‘It is a little child of two years old,—I do not know whose it is; I love it as my own. Come with me, whoever you are; come with me.’
The two sped along the silent streets,—as silent as the night were they. They entered the house; Susan snatched up the light, and carried it upstairs. The other followed.
She stood with wild glaring eyes by the bedside, never looking at Susan, but hungrily gazing at the little white still child. She stooped down, and put her hand tight on her own heart, as if to still its beating, and bent her ear to the pale lips. Whatever the result was, she did not speak; but threw off the bed-clothes wherewith Susan had tenderly covered up the little creature, and felt its left side.
Then she threw up her arms with a cry of wild despair.
‘She is dead! she is dead!’
She looked so fierce, so mad, so haggard, that for an instant Susan was terrified—the next, the holy God had put courage into her heart, and her pure arms were round that guilty wretched creature, and her tears were falling fast and warm upon her breast. But she was thrown off with violence.
‘You killed her—you slighted her—you let her fall down those stairs! you killed her!’
Susan cleared off the thick mist before her, and gazing at the mother with her clear, sweet angel-eyes, said mournfully—
‘I would have laid down my own life for her.’
‘Oh, the murder is on my soul!’ exclaimed the wild bereaved mother, with the fierce impetuosity of one who has none to love her and to be beloved, regard to whom might teach self-restraint.
‘Hush!’ said Susan, her finger on her lips. ‘Here is the doctor. God may suffer her to live.’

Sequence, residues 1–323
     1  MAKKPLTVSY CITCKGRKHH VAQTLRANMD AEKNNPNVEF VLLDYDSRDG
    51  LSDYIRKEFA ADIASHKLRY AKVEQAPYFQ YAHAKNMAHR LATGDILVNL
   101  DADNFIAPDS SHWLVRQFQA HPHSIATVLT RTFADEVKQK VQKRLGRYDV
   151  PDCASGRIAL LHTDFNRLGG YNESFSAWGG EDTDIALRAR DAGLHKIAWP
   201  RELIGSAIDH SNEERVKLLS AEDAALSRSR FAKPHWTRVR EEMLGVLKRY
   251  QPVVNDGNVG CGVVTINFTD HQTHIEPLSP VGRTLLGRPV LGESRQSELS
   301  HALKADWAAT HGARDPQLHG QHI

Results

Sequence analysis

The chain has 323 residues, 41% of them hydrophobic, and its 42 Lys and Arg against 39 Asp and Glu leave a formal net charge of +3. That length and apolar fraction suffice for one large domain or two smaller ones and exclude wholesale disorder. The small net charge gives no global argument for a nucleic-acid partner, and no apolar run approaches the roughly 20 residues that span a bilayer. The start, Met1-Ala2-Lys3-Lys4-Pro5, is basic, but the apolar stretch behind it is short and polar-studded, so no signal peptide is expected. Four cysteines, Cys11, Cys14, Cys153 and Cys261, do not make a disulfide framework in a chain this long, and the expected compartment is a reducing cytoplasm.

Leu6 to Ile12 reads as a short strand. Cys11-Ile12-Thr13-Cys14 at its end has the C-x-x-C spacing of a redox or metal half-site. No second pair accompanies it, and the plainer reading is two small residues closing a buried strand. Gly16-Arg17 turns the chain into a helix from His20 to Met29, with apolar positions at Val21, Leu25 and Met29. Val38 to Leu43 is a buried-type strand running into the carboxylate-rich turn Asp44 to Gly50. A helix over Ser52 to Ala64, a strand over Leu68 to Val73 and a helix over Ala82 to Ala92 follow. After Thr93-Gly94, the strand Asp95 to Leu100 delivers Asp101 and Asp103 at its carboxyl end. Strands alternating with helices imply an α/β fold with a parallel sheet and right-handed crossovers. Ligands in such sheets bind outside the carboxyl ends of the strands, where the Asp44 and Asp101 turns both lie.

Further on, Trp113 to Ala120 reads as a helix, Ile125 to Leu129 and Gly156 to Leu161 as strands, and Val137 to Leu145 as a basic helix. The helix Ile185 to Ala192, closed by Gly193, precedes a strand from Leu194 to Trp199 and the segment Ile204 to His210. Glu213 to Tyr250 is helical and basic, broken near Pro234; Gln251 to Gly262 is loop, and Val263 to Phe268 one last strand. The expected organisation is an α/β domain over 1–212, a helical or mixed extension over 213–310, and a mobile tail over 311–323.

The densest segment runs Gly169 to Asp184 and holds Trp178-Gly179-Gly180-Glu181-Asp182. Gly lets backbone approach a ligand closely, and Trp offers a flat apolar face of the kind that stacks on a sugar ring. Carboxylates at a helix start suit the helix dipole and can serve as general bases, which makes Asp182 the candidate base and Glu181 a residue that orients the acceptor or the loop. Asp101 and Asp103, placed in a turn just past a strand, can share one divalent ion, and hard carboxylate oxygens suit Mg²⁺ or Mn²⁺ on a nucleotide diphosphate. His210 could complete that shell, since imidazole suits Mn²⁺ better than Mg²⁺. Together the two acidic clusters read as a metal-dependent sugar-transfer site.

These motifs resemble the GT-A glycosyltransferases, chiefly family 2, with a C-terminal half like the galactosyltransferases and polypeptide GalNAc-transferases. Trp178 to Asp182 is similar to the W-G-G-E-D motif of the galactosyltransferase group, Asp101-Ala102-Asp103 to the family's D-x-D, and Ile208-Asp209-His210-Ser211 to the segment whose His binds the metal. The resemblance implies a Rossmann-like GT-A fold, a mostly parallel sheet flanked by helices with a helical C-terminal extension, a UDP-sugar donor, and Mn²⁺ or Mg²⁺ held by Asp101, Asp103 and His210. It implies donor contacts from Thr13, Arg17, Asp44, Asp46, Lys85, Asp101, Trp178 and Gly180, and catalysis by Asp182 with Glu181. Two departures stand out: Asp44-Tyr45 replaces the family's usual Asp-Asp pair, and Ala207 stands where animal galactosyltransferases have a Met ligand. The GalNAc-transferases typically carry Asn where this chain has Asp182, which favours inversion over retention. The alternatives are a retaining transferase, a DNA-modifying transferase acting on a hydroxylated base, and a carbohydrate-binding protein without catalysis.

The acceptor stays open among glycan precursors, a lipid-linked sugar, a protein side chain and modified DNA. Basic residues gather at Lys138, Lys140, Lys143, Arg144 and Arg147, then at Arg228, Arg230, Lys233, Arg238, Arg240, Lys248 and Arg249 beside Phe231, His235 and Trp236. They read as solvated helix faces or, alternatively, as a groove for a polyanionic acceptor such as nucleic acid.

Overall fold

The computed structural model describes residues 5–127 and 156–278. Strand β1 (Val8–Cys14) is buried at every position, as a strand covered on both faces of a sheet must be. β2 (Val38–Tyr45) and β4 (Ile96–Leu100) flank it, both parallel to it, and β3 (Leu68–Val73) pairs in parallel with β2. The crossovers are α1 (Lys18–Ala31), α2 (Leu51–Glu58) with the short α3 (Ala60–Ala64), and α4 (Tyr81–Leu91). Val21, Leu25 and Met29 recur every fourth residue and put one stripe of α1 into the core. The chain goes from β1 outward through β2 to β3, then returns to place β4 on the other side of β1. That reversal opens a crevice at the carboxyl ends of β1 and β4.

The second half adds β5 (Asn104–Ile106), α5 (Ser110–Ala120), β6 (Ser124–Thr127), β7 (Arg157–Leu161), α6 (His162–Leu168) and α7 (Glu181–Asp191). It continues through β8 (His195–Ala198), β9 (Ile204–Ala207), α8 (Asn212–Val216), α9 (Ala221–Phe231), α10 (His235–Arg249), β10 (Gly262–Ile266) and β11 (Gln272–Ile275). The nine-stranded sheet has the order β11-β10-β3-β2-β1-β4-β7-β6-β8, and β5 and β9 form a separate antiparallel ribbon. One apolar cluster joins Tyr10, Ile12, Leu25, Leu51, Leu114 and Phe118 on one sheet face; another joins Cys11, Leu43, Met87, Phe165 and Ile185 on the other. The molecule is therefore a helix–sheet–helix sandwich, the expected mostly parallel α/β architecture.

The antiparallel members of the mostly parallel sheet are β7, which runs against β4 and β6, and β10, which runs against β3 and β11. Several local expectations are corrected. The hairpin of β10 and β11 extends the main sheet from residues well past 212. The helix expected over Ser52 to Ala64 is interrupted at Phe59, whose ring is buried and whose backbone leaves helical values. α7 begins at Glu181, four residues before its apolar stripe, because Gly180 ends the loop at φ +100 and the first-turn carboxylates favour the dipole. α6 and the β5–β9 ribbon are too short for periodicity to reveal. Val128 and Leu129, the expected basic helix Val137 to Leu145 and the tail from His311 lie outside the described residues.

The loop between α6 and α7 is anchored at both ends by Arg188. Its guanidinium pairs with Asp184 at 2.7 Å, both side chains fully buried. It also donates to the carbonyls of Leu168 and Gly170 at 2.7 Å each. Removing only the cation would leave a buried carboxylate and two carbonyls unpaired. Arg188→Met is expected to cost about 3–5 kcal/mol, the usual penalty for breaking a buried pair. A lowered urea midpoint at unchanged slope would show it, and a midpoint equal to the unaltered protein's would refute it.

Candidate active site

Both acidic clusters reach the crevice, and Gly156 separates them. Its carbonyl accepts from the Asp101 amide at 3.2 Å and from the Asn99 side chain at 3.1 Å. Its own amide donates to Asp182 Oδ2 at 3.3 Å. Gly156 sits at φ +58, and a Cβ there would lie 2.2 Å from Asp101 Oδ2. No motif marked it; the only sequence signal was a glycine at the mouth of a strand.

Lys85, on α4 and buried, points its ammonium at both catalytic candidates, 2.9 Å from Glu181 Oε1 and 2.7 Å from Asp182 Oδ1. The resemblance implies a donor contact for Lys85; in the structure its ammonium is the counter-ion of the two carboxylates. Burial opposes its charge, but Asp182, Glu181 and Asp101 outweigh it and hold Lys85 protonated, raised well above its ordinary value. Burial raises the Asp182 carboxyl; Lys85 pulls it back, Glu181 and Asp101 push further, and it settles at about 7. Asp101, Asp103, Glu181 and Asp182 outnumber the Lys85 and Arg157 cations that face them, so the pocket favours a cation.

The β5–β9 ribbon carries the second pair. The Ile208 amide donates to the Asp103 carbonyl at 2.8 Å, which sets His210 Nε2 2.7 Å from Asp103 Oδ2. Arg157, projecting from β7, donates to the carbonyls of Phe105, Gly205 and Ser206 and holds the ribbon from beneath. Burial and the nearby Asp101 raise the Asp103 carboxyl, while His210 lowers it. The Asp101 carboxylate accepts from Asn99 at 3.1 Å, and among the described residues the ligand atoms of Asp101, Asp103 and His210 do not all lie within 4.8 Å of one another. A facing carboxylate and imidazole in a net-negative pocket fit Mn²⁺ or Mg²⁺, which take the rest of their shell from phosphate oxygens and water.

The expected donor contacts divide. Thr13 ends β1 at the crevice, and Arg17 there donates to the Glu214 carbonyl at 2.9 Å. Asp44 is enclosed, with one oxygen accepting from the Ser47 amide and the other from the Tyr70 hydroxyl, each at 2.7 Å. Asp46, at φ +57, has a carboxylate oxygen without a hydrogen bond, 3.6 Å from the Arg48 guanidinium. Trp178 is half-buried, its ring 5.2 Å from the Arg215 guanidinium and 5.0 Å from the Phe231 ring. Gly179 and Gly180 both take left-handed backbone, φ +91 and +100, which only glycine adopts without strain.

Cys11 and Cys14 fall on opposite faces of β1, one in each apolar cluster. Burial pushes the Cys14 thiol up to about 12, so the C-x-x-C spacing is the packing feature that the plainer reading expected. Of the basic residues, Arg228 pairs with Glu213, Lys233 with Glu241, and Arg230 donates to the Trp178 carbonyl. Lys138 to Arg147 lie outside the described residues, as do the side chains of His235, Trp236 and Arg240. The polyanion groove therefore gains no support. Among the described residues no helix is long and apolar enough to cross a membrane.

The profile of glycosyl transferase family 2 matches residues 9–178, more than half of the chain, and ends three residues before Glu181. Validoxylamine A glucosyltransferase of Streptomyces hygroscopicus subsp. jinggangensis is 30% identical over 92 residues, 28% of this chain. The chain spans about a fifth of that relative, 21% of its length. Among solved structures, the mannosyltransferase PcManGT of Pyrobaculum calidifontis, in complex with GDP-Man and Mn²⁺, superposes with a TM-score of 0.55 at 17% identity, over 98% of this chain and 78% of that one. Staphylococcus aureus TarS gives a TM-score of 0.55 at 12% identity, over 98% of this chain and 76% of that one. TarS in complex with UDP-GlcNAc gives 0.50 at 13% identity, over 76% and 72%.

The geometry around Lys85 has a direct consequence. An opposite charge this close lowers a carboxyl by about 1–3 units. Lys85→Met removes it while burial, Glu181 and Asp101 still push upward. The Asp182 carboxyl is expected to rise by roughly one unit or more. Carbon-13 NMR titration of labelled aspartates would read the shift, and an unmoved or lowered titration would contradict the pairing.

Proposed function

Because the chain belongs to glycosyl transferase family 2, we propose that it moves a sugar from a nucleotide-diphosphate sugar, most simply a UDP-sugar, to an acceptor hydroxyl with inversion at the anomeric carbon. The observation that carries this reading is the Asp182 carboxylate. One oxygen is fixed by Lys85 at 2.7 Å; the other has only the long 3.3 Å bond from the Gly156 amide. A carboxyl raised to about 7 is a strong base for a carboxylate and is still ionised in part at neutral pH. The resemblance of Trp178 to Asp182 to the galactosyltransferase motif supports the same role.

The poor mother turned sharp round. The doctor mounted the stair. Ah! that mother was right; the little child was really dead and gone.
And when he confirmed her judgment, the mother fell down in a fit. Susan, with her deep grief, had to forget herself, and forget her darling (her charge for years), and question the doctor what she must do with the poor wretch, who lay on the floor in such extreme of misery.
‘She is the mother!’ said she.
‘Why did she not take better care of her child?’ asked he, almost angrily.
But Susan only said, ‘The little child slept with me; and it was I that left her.’
‘I will go back and make up a composing draught; and while I am away you must get her to bed.’
Susan took out some of her own clothes, and softly undressed the stiff, powerless form. There was no other bed in the house but the one in which her father slept. So she tenderly lifted the body of her darling; and was going to take it down stairs, but the mother opened her eyes, and seeing what she was about, she said,
‘I am not worthy to touch her, I am so wicked; I have spoken to you as I never should have spoken; but I think you are very good; may I have my own child to lie in my arms for a little while?’
Her voice was so strange a contrast to what it had been before she had gone into the fit that Susan hardly recognised it; it was now so unspeakably soft, so irresistibly pleading, the features too had lost their fierce expression, and were almost as placid as death. Susan could not speak, but she carried the little child, and laid it in its mother’s arms; then as she looked at them, something overpowered her, and she knelt down, crying aloud,